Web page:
March 12th, 2013
The web is alive with reactions since Mark Zuckerberg announced Facebook’s impending News Feed redesign last week, which will be rolled out slowly like Timeline was. First, let me just say that there’s nothing to worry about. If Facebook provides a viable marketing avenue for your business, then it should continue to do so, as long as you use it to its fullest potential. But that goes without saying for any marketing effort, regardless of system updates.
Check out this short video for an overview of the changes:
Yeah, Facebook tends to make things a little more flowery than they need to be, but you get the point.
The changes aren’t super monumental, in my opinion. Here’s a quick recap of what’s soon to come for Facebook’s News Feed feature.
The new News Feed will have a much cleaner format. Currently, the News Feed takes up a somewhat narrow-ish strip of space in the middle of the page. To the left there is a cluttered navigation menu, to the right a lot of ads, and further to the right a needless ticker of everything your friends are doing in real time.
The new format is significantly cleaned up–no busy menu on the left, no ticker to the right, and the ads are pushed over and down a bit (although sponsored content in general is probably going to be more prominent). The top navigation is also de-cluttered. Overall, the new format is more akin to the simplified mobile version of Facebook. This is one of the reasons for the new design–to create cohesion across the mobile, tablet, and desktop experience.
Which fuels the argument that visual content is more important than ever. According to the Associated Press, our attention spans went from 12 seconds to 8 seconds from the year 2000 to 2012, making us less attentive than gold fish (seriously?). Apparently, the average person will only read 49% of a web page with 111 words or less, and only 28% of a page with 593 words (the average page length). So if you’ve made it this far into my blog post, thanks for sticking around! 🙂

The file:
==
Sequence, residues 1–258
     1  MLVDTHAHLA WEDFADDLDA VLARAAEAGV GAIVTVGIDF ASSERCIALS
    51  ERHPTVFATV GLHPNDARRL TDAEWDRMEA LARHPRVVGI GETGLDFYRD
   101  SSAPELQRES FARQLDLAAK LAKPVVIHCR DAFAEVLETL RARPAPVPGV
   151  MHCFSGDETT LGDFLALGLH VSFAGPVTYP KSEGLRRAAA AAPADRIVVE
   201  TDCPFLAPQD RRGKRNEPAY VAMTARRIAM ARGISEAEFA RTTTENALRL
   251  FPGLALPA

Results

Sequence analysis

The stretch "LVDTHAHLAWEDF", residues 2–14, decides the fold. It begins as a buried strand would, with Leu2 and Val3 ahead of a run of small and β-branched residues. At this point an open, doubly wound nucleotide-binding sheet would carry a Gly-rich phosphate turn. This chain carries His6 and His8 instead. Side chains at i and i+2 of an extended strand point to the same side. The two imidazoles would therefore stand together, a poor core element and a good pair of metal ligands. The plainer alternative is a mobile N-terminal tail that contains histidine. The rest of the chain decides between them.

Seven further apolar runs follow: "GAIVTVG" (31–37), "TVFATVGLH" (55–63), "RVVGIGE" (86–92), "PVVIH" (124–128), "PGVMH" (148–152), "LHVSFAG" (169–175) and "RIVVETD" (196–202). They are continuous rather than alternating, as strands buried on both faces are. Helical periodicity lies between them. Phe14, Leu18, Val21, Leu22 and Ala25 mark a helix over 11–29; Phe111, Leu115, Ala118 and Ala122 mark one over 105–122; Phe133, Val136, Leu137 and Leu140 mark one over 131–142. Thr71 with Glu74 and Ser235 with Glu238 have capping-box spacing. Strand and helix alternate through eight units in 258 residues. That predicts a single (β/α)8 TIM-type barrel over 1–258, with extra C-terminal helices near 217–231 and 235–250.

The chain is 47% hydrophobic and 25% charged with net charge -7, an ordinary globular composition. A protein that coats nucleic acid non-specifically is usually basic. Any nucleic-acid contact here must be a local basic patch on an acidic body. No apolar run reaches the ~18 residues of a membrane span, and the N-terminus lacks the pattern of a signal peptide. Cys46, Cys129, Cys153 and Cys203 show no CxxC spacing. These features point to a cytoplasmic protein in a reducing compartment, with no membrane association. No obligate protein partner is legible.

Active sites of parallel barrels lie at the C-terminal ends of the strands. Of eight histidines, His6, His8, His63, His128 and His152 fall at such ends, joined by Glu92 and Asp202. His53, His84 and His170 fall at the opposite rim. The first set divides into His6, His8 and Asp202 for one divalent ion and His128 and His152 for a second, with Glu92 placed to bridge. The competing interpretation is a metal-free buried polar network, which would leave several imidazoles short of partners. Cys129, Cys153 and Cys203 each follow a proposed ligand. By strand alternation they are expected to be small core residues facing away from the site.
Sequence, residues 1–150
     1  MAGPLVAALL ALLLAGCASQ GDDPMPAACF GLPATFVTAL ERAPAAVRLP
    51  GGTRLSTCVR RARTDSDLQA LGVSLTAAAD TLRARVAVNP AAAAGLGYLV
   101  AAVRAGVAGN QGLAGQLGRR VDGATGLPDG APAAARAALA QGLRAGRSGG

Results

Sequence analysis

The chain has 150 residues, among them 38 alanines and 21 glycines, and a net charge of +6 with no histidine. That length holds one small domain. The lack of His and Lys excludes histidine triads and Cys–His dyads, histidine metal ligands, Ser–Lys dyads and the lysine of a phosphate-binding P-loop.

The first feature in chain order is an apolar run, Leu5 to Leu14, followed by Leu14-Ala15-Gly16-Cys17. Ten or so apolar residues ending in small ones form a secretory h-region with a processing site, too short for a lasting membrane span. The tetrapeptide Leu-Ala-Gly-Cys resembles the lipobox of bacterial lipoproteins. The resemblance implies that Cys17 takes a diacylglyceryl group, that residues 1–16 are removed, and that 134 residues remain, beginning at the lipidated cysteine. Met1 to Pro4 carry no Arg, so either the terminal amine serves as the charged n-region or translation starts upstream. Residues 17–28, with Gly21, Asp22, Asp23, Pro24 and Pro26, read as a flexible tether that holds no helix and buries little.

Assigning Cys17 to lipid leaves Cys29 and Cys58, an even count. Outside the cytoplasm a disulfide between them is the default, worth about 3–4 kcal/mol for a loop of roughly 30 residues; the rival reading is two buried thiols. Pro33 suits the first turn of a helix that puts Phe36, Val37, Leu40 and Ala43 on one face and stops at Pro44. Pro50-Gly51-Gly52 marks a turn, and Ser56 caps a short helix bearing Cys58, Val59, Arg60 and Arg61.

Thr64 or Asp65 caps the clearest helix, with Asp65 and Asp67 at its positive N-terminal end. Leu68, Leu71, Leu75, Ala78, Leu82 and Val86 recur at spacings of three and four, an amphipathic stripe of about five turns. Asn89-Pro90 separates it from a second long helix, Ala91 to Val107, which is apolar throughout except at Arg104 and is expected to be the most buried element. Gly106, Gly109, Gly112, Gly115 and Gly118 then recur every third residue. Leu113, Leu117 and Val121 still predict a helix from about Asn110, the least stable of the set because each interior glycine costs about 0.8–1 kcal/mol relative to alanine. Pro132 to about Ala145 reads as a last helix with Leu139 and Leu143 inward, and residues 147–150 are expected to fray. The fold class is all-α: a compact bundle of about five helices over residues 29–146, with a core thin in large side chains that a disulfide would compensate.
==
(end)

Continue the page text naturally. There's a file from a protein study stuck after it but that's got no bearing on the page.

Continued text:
What does this mean? For the most part, people aren’t going online to read text. For most web surfers, images and videos provide that much-needed diversion because they are so much easier to digest and therefore can be digested much more quickly on tight schedules. With this in mind, Facebook’s News Feed redesign emphasizes visual content–bigger, clearer pictures. Even the image captions are now superimposed in white text on top of the image.
You’ve just read a super intriguing article or found a mouthwatering recipe online, and of course, you want to do your civic duty and share it with all of your friends. Or conversely, you’ve provided something sweet on your site and one of your readers wants to share it with all of their friends.
With the new design, when Facebook users share links to goodies they’ve discovered online, the thumbnail image is bigger, the headline and short blurb about the link are in a different typeface, and a logo is included. This makes links more appealing to click on, but it also means that everything you put online should include a high-quality, relevant image and an effective headline. And how’s that logo looking? The digital age would like you to reevaluate the aesthetic of your branding.
With the new design, when somebody Likes your page, your cover photo and logo will show up right there in their friends’ feeds. Again, it’s a good reason to make sure your logo represents your company well, that you’ve used an interesting cover photo to represent a little bit of who you are, and that all of the aspects of your social media marketing are on point. Hopefully these things will help draw in more people to be interested and click on your page to learn more.
We know now that Facebook’s
popularity contest algorithm, EdgeRank, essentially ranks the content people post for popularity by how much people interact with it–share it, Like it, comment on it, etc. Sometimes this isn’t the best determining factor for how valuable something is and how worthy it is of being seen by others. Personally, I think it’s overbearing for an algorithm to choose what I see from my friends based on how popular the posts are–I prefer to make that choice for myself.
Anyway. It’s not that EdgeRank is going anywhere, but now users have a variety of feeds to choose from, rather than one feed inclusive of everything. With a drop-down menu, users can choose which feed they want to view:
You can check out how it will look for yourself here, at the source.
So there’s what’s what in the dawn of a new era… the updated News Feed era. (Disclaimer: that was a dramatization.)
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